We re­cently sat down with Lam­borgh­ini COO Alessan­dro Farmeschi, at Urus’ Cana­dian launch, to ask him ex­actly that.

Ob­vi­ously, not many peo­ple think of SUVS when they think of Lam­borgh­ini. Why did you guys de­cide to en­ter this seg­ment?

Ba­si­cally, as Lam­borgh­ini, we watch the mar­ket’s con­di­tion, and what we saw was that the SUV seg­ment is a one that is in con­tin­u­ous ex­pan­sion. Through­out the year, the seg­ment is be­com­ing big­ger and big­ger world­wide, and I would say mostly the States and Canada are the big­gest mar­kets for it. What we no­ticed was there was no of­fer­ing for the high-end su­per­sports — so if you look at the mar­ket with the launch of the Urus, there were SUVS, but not su­per-suvs. When I say su­per-suvs, I say a prod­uct that is specif­i­cally po­si­tioned at the high-end in terms of pric­ing, but also in terms of sporti­ness. The driv­ing dy­nam­ics, the emo­tion, the de­sign of the car are typ­i­cal char­ac­ter­is­tics in the DNA of Lam­borgh­ini. So we cre­ated the su­perSUV that is a com­bi­na­tion be­tween a su­per sports car, with the DNA com­ing from our Aven­ta­dor and Hu­ra­can, to­gether with the char­ac­ter­is­tics that an SUV usu­ally has: roomi­ness, ver­sa­til­ity. That is giv­ing to our fu­ture clients the op­por­tu­nity to live our brand, not only in spe­cific mo­ments, but ev­ery day and any­time.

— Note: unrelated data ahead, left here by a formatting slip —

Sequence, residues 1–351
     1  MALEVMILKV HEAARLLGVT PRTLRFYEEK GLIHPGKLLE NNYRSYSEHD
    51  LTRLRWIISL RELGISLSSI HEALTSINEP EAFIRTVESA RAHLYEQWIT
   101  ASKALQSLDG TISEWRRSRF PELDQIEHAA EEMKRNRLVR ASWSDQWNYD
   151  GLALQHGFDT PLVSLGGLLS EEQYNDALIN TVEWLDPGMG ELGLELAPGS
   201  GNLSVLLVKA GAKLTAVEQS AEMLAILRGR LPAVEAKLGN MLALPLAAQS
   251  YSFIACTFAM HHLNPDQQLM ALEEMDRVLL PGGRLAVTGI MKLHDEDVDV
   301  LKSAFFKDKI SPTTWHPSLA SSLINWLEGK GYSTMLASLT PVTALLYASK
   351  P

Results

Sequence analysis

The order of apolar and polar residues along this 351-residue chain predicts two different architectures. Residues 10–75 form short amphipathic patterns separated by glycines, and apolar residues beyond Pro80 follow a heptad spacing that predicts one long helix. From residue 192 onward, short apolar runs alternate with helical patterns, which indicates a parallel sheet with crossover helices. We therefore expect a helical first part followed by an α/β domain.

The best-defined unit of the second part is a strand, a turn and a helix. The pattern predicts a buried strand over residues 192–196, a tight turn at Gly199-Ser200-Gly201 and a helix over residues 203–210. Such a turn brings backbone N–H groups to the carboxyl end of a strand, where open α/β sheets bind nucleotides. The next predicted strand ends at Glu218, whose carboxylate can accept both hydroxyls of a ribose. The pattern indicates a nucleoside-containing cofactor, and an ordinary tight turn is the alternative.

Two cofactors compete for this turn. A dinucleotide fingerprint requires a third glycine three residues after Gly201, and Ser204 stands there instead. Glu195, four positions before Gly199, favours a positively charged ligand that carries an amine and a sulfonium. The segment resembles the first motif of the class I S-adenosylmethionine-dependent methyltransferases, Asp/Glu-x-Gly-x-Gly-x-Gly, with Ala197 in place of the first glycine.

Would you say you’re now try­ing to ap­peal more to a day-to-day driver?

Yes. The Urus is a car that is for dayto-day driv­ers, for com­mut­ing, for shop­ping, for hol­i­days, for ski­ing. You can host up to five peo­ple in the car, so it’s so ver­sa­tile, but at the same time, has the pure DNA and driv­ing emo­tion of a Lam­borgh­ini. This is a per­fect mix. This was done be­cause we want to open the door to many pos­si­ble clients who can en­joy the car. A day to go shop­ping, the week­end to go ski­ing, and maybe a day, why not, to have fun driv­ing the car on a race track. And the car has a lot of roomi­ness, so for in­stance, the back trunk can host up to three golf bags, and has all the tech­ni­cal fea­tures for on-board en­ter­tain­ment, but also the more safety ori­ented de­vices such as the ad­vanced driver as­sis­tance sys­tem. But nonethe­less, to give all th­ese fea­tures you need emo­tion when driv­ing the car.